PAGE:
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The gift of joy

The Schüle Scheuermann Foundation supports chronically ill children at the Freiburg Center for Pediatrics

Freiburg, May 26, 2017

The gift of joy

Photo: Britt Schilling/Universitätsklinik Freiburg

They help students to go abroad and to conduct research, they support researchers with their projects, and give teachers the opportunity to turn new ideas into reality in their seminars and lectures. The University of Freiburg's 51 foundations each have the unmistakeable character of their founders. In this series, Sarah Schwarzkopf outlines the work of some of those foundations.

Hello, doctor! Playing with dolls at a ward in the Center for Pediatrics
Photo: Britt Schilling/ Freiburg Medical Center

To bring some happiness to poor and sick children was the aim of Dr Adolf Schüle when he founded the organization named after his wife, Frieda Schüle-Scheuermann, in 1927, the year in which she died. The Schüle Scheuermann Foundation is the smallest at the University of Freiburg. It is for children of any religion who are inpatients for any great length of time at the Freiburg Center for Pediatrics.

"The special thing about the Foundation is that we spend the money on things which bring joy - in accordance with the express purpose of the Foundation," Isolde Krug explains. She is the head psychologist at the Center for General Pediatrics, Adolescent Medicine and Neonatology. The psycho-social service at the hospital uses money provided by the Foundation to fulfill the children's special wishes on their birthdays, at Christmas, Easter - and sometimes in between. It was the founder's express with that the benefits should not be "useful" - for example, they often take the for of toys, excursions, and parties.

What the heart desires... The gifts are not meant to be useful or practical - the main thing is that they bring joy to sick children.
Photo: Britt Schilling/ Freiburg Medical Center

Dressing table and school satchel

One severely chronically ill girl wished for a dressing table, Krug remembers. "That is not a thing you absolutely need. But to the girl, the dressing table was a wonderful thing. It gave her a great deal of joy as she lived with great restrictions. That gift sent the message to her that her wishes had meaning." Useful gifts are the exception. A small boy who was meant to be starting school wished for a good school satchel. "Whether they are practical or not - we use the Foundation funds to give presents which will help the child emotionally in his or her current situation," Krug explains. "For the boy, that schoolbag - which was every bit as good as the other kid's bags - meant that he was one of them, despite his chronic illness."

Top-up donations

The Center's psycho-social team is familiar with the families' situations and decides how the annual funds are to be spent and which children are to receive presents. The criteria are how needy the child is, and how much pressure he or she is under. "Some parents cannot give their chronically ill children anything for Christmas. Normally, they do not come to us. We go and speak to them," Krug says. "For many parents it's not at all easy to accept such an offer."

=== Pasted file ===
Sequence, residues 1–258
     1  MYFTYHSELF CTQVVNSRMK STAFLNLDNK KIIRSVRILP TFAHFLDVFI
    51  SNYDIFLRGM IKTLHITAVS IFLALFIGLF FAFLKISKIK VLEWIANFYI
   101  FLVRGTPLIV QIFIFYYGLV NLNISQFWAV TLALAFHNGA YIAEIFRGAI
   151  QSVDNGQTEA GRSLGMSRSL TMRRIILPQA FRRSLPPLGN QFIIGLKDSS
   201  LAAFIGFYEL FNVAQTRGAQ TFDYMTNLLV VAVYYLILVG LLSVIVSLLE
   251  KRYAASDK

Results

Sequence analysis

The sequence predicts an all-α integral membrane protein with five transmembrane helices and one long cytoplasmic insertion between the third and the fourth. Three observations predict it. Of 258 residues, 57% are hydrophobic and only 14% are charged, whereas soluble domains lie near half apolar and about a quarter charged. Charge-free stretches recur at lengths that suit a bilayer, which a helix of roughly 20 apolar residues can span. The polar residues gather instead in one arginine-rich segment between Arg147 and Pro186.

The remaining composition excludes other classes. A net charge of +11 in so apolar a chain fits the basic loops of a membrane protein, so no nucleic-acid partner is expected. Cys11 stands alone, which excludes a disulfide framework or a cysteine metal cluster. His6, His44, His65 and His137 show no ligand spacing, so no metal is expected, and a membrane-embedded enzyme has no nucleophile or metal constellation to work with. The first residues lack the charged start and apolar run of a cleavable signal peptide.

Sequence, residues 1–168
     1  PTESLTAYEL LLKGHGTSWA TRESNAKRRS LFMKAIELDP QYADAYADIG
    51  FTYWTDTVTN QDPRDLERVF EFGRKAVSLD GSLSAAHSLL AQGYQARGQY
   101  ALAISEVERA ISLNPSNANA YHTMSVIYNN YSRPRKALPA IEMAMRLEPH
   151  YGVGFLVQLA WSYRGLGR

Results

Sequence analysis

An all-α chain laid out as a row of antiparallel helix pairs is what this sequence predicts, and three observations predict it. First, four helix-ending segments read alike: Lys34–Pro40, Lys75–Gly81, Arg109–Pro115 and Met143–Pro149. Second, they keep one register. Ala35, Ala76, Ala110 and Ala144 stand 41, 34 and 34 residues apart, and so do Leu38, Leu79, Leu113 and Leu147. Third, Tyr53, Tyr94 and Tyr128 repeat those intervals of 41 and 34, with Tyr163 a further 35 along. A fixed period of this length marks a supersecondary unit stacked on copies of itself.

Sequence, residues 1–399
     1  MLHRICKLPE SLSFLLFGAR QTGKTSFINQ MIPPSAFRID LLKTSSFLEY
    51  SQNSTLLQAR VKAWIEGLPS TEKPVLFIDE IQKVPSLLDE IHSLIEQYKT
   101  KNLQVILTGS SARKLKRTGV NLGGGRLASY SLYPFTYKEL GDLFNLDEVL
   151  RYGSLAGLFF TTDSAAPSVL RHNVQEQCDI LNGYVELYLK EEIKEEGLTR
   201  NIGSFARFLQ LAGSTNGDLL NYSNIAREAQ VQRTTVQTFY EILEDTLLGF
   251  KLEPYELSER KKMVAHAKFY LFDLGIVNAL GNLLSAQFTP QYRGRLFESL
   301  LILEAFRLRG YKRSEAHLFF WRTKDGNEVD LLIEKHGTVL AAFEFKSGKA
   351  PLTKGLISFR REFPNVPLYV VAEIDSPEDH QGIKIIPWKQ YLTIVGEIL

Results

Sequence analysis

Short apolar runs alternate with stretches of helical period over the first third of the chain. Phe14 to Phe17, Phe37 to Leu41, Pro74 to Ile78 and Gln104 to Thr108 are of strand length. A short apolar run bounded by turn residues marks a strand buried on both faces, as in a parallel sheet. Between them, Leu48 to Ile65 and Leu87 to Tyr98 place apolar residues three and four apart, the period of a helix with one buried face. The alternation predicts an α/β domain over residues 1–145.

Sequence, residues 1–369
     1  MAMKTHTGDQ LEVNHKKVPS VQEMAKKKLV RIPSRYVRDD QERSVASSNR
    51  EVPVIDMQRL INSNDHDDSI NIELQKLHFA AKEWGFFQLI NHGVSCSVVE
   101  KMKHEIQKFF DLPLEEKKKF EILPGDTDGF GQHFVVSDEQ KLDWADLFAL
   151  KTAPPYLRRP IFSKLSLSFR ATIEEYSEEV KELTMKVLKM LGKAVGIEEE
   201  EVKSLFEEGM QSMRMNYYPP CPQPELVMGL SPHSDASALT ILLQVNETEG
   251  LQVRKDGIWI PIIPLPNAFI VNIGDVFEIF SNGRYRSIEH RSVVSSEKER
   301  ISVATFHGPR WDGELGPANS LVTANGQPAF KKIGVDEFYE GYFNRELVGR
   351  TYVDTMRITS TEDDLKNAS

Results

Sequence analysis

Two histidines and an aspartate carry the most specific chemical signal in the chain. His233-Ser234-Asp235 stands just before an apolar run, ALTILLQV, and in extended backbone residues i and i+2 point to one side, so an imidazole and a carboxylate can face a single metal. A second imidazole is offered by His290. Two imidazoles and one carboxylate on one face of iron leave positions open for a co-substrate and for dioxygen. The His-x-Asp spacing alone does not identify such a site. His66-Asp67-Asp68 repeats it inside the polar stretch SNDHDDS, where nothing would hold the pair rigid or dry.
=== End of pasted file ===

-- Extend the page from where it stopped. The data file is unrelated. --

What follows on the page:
The Foundation supports children of any religion who are inpatients for any great length of time at the Freiburg Center for Pediatrics.
Photo: Britt Schilling/ Freiburg Medical Center

The Schüle Scheuermann Foundation is part of the joint administration for foundations, the Vereinigte Studienstiftungen-Verwaltung, and was founded with a nest egg of just 1,000 US dollars. So its yields are small. In 2016, it yielded just 138 euros. "You can't make a big difference with that. The Schüle Scheuermann Foundation survives on donations," says Andreas Lang, head of the University of Freiburg's Stiftung und Vermögen section. "We often suggest to businesses that they donate the proceeds of an employee event or a raffle." Lang tops up the Foundation's dividends with the donations. In 2016, the Freiburg Medical Center was able to give the children presents to a total value of 638 euros.

Foundations at the University of Freiburg

Some of the 51 foundations at the University of Freiburg have their origins in the late Middle Ages. The 17 older ones make up the Vereinigte Studienstiftungen-Verwaltung; all but three of the more recent ones are part of the Stiftungsfonds. The University receives the starting capital as goods or money and invests it. Each year it pays out two-thirds of the yield of each foundation and reserves the other third as a hedge against inflation. The founders give clear instructions as to who can apply for the funds. Generally, need takes priority over performance. The articles of endowment also specific the individual purpose of each foundation.

The foundations at a glance